Turkey is seeking a loan from the IMF after a recent period of financial disturbance, which saw inte...
Turkey is seeking a loan from the IMF after a recent period of financial disturbance, which saw interest rates climb as high as 300%.
The crisis occurred after 10 small to medium-sized Turkish banks went insolvent. The central bank said that it would investigate the banks for criminal activity.
Ashok Shah, head of emerging markets equities at Old Mutual Asset Management, notes that the central bank has tried to inject some liquidity into the market, to impose some discipline and bring interest rates down but it has not worked.
"It has reached the stage where the central bank is trying to establish some confidence, if this fails then interest rates will remain sky high and the economy will perform poorly next year," Shah says. "It will only be able to restore confidence if Turkey sticks to the IMF package. The currency may need to be devalued as well."
According to Leila Kardouche, emerging markets fund manager at Schroders, there is a lack of confidence in the Turkish government for a number of reasons.
It has been stalling proceedings with structural reforms in order for the IMF to disburse further loans.
The government has also been dragging its feet about handing over management rights in Turk Telekom which was due to be privatised in the summer but in the end was not due to lack of interest.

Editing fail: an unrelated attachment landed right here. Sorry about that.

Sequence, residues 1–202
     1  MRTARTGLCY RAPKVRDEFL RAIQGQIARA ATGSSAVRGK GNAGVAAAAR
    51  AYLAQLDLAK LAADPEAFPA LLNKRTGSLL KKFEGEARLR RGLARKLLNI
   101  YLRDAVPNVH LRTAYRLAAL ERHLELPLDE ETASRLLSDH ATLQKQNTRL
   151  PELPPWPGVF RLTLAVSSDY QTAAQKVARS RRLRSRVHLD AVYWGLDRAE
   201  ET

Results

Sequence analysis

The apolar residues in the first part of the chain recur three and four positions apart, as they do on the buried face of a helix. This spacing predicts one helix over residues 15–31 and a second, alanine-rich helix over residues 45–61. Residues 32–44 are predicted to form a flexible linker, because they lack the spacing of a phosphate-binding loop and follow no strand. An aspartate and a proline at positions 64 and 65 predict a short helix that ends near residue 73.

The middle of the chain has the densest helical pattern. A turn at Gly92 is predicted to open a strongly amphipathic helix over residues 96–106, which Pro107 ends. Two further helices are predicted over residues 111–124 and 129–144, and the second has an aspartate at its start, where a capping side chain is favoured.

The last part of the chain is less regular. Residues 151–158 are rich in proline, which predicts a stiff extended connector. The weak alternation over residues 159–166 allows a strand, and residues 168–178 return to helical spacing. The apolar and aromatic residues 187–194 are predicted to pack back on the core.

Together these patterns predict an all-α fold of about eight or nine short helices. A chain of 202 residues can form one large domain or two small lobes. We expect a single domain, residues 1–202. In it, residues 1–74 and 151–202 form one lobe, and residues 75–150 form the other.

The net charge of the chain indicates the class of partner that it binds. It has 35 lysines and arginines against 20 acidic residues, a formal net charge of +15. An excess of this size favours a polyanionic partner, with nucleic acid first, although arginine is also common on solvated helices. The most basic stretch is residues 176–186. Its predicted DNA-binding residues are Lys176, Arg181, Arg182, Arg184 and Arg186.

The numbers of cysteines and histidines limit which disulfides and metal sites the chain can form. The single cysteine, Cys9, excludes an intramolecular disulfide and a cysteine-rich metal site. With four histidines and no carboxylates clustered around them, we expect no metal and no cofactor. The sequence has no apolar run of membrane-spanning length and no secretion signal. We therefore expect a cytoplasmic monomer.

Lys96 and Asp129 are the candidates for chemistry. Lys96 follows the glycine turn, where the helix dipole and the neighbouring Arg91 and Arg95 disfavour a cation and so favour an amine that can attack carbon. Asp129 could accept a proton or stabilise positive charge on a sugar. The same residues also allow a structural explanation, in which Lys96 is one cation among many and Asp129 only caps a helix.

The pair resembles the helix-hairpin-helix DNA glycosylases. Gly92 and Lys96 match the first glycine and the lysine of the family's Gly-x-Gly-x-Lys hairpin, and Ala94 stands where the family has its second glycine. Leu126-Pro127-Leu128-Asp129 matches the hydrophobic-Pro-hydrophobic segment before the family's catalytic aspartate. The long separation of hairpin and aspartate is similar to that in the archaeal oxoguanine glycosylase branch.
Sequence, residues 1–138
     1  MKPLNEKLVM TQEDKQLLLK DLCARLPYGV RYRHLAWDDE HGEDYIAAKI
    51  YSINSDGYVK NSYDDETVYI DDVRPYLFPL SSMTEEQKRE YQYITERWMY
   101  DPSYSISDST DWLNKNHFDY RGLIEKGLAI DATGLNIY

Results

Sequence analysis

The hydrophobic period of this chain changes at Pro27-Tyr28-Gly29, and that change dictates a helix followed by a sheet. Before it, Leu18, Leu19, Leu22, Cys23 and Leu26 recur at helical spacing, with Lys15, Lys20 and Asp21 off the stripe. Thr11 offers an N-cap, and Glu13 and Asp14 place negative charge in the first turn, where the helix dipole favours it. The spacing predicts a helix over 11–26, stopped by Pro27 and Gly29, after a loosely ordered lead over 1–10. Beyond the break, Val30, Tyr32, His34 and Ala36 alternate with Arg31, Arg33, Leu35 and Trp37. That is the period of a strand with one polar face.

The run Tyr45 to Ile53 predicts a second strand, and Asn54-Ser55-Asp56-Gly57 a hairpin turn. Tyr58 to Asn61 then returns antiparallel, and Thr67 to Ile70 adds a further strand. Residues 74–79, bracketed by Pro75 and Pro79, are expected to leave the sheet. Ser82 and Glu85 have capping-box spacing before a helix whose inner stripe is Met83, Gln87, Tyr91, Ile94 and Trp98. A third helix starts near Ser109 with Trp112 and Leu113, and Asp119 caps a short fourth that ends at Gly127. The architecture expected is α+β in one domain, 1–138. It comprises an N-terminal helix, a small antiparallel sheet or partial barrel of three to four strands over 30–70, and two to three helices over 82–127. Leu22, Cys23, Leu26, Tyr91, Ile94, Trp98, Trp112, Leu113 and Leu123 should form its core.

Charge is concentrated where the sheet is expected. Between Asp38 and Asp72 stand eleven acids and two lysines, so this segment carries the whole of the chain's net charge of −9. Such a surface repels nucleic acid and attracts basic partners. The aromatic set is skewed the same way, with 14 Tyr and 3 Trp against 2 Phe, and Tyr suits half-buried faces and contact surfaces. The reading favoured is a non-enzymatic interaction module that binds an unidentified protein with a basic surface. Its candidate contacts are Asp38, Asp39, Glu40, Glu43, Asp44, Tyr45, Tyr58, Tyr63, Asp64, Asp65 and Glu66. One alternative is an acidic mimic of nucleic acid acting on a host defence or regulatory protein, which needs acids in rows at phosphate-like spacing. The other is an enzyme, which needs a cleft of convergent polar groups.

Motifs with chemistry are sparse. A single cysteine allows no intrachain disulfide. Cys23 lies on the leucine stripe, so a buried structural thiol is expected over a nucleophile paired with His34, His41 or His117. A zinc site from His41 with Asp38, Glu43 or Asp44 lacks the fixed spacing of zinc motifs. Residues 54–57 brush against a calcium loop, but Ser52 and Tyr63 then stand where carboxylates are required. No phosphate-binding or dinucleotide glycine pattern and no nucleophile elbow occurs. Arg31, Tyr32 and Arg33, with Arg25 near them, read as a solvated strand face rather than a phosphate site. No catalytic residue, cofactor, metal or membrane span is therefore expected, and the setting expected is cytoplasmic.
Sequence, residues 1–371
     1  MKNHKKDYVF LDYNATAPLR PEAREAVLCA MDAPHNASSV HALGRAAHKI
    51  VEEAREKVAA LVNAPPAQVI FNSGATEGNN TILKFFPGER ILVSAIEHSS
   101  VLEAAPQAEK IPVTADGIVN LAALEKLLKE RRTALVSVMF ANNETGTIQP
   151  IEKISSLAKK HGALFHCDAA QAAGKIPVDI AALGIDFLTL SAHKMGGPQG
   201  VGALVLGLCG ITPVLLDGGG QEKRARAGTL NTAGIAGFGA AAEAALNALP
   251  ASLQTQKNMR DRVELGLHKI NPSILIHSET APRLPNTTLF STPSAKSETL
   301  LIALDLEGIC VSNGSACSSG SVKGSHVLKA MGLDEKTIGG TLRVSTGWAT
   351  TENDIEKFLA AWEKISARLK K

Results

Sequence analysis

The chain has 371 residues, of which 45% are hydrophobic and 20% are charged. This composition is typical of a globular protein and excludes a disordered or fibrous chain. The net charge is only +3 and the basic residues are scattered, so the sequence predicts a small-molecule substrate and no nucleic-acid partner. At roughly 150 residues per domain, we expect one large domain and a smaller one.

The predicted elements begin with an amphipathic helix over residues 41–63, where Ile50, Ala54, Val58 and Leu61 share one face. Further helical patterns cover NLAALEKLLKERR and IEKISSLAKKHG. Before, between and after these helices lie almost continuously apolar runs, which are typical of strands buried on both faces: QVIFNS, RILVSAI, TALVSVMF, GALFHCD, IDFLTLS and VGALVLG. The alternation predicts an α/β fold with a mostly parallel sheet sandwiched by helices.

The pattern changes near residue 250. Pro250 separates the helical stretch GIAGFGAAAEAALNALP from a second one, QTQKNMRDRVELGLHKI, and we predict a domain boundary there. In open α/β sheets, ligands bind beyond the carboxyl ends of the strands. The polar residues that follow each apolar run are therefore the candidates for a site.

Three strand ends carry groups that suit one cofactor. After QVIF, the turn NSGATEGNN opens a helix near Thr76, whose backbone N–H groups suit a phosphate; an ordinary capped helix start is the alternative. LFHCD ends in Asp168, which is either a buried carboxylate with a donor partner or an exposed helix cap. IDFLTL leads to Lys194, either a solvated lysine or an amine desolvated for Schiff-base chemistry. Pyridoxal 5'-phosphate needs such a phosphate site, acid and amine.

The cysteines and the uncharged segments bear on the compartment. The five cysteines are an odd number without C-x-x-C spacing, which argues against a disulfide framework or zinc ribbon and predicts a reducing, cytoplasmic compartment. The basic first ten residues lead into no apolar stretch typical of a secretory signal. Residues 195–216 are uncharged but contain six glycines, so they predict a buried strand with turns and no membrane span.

The government has also delayed the passing of legislation to allow for commercialisation of state banks.
"These factors raised eyebrows at the IMF," Kardouche says. "The feeling was that Turkey was being too slow and the IMF would hold back funds that it was going to disburse."
Kardouche believes the Turkish situation will soon stabilise and that there will not be a run on the banks. Schroders has marginally reduced its exposure to Turkey but still believes it is an exciting long-term story, albeit a volatile market.
"We are not taking a positive or negative bet on Turkey because it is not clear what will happen over the next few months," says Kardouche. "We are happy to be neutral. There may be an opportunity to take a more aggressive position but there are risks that Turkey will devalue."
Schroders had been favouring consumer stocks earlier in the year when there were lower interest rates and it was thought that there would be a consumer boom. It is now looking to reduce some of its exposure to the sector.
It is less positive on banks than earlier in the year but Kardouche thinks they will probably perform reasonably going forward. According to Shah, the problem with the banking sector is that it is too crowded.
"There are around 80 banks in Turkey for a population of around 65 million, which is too much, it could do with around 10," he says. "Some banks are just too small or not financially viable. The central bank has to allow some rationalisation of the banking system, which is what the IMF wants."
Old Mutual has holdings in Turkish retailers, banks, including Isbank, Yapi Bank and Garanti Bank and telecoms, including Netas Telekom, which manufactures telecommunications equipment.
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